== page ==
Hospital Mortality FollowingTrauma: An Analysis of a Hospital-Based Injury Surveillance Registry in sub-SaharanAfrica

IMPORTANCE: Injuries are a significant cause of death and disability, particularly in low- and middle-income countries. Health care systems in resource-poor countries lack personnel and are ill equipped to treat severely injured patients; therefore, many injury related deaths occur after hospital admission.
OBJECTIVES: This study evaluates the mortality for hospitalized trauma patients at a tertiary care hospital in Malawi.
DESIGN: This study is a retrospective analysis of prospectively collected trauma surveillance data. We performed univariate and bivariate analyses to describe the population and logistic regression analysis to identify predictors of mortality.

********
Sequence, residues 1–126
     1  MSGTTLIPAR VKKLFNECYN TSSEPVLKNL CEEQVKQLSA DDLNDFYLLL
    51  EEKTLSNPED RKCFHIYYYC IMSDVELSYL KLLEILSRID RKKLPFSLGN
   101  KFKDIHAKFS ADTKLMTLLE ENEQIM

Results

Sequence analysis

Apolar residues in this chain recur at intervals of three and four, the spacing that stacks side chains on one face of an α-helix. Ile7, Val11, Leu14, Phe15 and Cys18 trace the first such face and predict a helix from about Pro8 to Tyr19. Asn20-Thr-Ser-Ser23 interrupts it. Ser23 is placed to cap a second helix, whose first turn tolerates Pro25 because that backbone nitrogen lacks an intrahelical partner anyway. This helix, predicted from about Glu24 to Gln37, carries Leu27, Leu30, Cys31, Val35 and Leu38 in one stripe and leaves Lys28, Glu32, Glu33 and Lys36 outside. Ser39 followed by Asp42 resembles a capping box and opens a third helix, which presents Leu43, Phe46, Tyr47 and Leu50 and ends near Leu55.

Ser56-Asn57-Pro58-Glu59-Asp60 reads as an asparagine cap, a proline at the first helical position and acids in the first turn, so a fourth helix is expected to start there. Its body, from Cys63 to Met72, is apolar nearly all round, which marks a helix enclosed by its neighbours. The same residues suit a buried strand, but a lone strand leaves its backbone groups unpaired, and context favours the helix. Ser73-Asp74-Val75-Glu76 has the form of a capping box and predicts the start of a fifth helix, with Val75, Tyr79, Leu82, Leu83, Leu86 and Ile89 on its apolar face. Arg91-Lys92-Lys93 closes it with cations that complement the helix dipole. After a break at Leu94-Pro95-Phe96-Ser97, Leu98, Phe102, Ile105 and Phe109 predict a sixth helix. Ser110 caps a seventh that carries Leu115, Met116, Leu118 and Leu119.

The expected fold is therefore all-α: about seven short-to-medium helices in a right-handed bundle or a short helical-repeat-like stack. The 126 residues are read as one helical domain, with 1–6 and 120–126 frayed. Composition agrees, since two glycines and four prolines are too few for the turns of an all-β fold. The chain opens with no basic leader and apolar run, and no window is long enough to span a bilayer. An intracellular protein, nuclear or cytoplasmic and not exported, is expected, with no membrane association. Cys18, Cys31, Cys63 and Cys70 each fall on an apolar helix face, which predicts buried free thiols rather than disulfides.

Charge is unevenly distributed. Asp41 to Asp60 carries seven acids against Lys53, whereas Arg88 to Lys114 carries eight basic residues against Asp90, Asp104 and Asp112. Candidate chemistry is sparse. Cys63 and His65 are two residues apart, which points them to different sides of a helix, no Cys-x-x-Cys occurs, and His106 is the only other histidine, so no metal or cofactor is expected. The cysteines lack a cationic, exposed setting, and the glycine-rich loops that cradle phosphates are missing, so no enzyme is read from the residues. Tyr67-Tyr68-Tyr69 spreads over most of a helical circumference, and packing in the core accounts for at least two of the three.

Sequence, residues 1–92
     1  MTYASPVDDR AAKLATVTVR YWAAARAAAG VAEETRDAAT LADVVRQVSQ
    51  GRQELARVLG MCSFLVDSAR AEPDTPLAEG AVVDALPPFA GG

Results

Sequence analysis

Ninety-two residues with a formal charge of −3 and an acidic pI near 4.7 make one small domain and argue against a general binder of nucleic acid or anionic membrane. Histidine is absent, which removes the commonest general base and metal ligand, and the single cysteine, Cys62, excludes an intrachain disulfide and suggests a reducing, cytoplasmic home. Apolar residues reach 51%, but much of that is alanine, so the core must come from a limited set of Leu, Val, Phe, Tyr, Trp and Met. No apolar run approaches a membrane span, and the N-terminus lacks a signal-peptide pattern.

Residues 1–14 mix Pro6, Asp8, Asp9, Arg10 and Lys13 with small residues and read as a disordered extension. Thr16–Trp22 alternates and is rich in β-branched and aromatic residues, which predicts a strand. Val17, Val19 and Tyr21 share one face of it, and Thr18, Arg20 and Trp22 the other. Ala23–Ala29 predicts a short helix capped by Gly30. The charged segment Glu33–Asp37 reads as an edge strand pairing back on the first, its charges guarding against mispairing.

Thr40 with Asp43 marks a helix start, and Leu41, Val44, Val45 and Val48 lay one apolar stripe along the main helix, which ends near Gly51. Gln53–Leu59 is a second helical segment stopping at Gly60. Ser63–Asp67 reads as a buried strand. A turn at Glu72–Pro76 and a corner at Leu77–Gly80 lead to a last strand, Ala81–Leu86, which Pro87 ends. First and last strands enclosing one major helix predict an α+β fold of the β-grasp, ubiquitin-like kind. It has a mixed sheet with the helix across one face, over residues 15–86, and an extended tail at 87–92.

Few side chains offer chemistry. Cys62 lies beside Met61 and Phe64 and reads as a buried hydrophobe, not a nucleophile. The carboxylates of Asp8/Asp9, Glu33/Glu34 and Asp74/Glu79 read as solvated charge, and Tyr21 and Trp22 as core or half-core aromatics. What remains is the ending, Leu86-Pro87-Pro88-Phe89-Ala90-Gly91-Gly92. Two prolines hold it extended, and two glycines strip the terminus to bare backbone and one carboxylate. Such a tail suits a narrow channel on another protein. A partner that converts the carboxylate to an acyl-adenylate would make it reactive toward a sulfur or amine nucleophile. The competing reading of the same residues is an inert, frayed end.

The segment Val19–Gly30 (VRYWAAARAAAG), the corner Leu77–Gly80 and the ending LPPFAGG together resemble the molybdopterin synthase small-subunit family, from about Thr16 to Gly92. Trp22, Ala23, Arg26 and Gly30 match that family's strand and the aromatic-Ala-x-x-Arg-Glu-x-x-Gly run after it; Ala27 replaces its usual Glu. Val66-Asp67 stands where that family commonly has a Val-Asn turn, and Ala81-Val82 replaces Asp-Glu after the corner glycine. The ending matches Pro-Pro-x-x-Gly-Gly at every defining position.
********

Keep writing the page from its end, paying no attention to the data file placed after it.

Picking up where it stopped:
SETTING: Tertiary care hospital in sub-Saharan Africa.
PARTICIPANT: Patients with traumatic injuries admitted to Kamuzu Central Hospital between January 2010 and December 2012.
MAIN OUTCOME MEASURES: Predictors of in-hospital mortality.
RESULTS: The study population consisted of 7559 patients, with an average age of 27 years (18 years) and a male predominance of 76%. Road traffic injuries, falls, and assaults were the most common causes of injury. The overall mortality was 4.2%. After adjusting for age, sex, type and mechanism of injury, and shock index, head/spine injuries had the highest odds of mortality, with an odds ratio of 5.80 (2.71-12.40).
CONCLUSION AND RELEVANCE: The burden of injuries in sub-Saharan Africa remains high. At this institution, road traffic injuries are the leading cause of injury and injury-related death. The most significant predictor of in-hospital mortality is the presence of head or spinal injury. These findings may be mitigated by a comprehensive injury-prevention effort targeting drivers and other road users and by increased attention and resources dedicated to the treatment of patients with head and/or spine injuries in the hospital setting.